“Bite-Size Bits of Local, National, and Global History”
“Bite-Size Bits of Local, National, and Global History”
Near Durant in Bryan County, Oklahoma — The American South (West South Central)

Chickasaw Trail of Tears

Chickasaw Trail of Tears Marker image. Click for full size.
By Michael Manning, August 25, 2011
1. Chickasaw Trail of Tears Marker
During the late 1830s and early 1840s, Chickasaw Indians removed by the United States Government from Alabama and Mississippi passed near here on their way to a new home in present-day south-central Oklahoma. In 1837 alone, an estimated 6,000 Chickasaws traveled by various routes to lands purchased from the Choctaw Indians. This journey became known as the "Chickasaw Trail of Tears."
Erected by Oklahoma Historical Society.
Marker series. This marker is included in the Oklahoma Historical Society marker series.
Location. 34° 6.267′ N, 96° 32.7′ W. Marker is near Durant, Oklahoma, in Bryan County. Marker can be reached from State Highway 199 3˝ miles west of State Highway 78, on the right when traveling west. Touch for map. Marker is located on the grounds of Fort Washita State Historic Site. Marker is at or near this postal address: 3348 Hwy 199, Durant OK 74701, United States of America.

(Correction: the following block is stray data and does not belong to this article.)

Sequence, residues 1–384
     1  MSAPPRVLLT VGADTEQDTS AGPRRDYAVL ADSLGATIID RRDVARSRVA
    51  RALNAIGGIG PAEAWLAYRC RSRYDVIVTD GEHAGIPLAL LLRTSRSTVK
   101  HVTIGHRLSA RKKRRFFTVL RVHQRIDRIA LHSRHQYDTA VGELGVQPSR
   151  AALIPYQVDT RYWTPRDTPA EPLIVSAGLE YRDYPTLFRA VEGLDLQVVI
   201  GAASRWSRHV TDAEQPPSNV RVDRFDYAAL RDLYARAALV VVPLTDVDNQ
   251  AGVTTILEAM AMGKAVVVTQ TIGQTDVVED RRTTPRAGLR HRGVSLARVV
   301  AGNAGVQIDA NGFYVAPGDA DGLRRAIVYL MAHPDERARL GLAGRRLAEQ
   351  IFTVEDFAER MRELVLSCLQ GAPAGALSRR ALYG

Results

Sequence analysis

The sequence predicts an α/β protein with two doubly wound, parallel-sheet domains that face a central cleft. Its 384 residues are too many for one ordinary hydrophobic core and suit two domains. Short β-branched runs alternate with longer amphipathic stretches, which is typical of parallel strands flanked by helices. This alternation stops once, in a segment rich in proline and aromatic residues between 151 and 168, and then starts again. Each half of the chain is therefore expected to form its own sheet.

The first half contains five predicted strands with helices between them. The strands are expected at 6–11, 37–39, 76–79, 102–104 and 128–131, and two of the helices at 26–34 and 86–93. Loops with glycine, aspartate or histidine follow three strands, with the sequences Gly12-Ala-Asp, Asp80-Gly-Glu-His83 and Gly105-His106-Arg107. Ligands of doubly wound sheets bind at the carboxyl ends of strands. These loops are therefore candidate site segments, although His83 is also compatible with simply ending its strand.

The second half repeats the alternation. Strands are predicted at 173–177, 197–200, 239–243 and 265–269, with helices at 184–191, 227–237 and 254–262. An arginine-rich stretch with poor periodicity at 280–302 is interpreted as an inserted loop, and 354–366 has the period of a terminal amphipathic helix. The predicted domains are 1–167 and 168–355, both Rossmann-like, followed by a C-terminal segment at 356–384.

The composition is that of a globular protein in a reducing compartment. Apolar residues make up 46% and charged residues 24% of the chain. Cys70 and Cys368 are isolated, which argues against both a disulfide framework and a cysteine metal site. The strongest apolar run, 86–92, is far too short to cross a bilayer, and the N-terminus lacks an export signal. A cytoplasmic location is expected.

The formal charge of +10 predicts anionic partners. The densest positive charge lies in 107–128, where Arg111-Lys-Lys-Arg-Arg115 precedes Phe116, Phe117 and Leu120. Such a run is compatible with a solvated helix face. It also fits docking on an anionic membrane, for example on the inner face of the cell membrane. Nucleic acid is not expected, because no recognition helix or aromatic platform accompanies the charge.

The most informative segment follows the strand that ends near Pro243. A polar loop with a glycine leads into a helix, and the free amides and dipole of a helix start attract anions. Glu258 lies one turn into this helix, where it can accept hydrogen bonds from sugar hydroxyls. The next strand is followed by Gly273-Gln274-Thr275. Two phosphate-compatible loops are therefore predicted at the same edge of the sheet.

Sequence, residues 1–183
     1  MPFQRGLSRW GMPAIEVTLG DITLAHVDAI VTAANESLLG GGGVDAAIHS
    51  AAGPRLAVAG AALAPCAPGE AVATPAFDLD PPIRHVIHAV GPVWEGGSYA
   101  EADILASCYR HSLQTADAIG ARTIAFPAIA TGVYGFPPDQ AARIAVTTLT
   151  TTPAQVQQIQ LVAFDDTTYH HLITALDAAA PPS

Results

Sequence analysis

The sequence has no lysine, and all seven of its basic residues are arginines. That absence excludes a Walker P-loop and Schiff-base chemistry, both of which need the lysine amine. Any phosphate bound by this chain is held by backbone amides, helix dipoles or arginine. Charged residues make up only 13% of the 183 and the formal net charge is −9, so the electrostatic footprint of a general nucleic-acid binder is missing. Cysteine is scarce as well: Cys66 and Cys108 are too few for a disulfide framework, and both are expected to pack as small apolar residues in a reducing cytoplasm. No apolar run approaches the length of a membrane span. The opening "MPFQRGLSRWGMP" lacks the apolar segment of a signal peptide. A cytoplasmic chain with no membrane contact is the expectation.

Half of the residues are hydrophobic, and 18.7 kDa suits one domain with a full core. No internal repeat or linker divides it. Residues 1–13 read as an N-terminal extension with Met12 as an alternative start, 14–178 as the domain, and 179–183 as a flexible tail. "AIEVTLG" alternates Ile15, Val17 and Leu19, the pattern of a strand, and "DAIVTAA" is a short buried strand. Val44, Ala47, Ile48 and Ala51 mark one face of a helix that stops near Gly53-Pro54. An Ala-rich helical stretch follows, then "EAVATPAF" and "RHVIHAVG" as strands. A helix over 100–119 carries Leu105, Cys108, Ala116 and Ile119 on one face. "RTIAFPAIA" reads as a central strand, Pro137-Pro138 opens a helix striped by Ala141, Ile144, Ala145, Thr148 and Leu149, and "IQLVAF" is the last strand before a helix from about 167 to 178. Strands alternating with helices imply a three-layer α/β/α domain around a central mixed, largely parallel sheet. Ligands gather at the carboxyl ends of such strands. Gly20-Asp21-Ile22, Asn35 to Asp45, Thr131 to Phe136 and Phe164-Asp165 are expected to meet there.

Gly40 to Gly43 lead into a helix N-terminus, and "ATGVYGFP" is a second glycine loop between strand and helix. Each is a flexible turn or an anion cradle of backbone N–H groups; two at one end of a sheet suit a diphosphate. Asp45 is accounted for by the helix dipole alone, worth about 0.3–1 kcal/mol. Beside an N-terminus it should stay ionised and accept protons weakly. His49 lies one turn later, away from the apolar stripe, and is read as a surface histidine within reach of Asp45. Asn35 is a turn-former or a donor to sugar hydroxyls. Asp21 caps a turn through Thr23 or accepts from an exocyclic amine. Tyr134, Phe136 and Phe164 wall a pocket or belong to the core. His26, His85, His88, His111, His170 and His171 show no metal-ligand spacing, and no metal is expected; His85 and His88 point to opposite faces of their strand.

Other nearby markers. At least 3 other markers are within 9 miles of this marker, measured as the crow flies. General Douglas Hancock Cooper (about 600 feet away, measured in a direct line); Fort Washita (approx. 0.2 miles away); Nail's Crossing (approx. 9 miles away).
Also see . . .  Fort Washita. Oklahoma History Center (Submitted on October 13, 2014.) 
Categories. Native Americans
Credits. This page was last revised on June 16, 2016. This page originally submitted on October 13, 2014, by Michael Manning of Woodlawn, Tennessee. This page has been viewed 415 times since then and 20 times this year. Photo   1. submitted on October 13, 2014, by Michael Manning of Woodlawn, Tennessee. • Bernard Fisher was the editor who published this page.
Editor’s want-list for this marker. A photo of the marker and the surrounding area in context. • Can you help?
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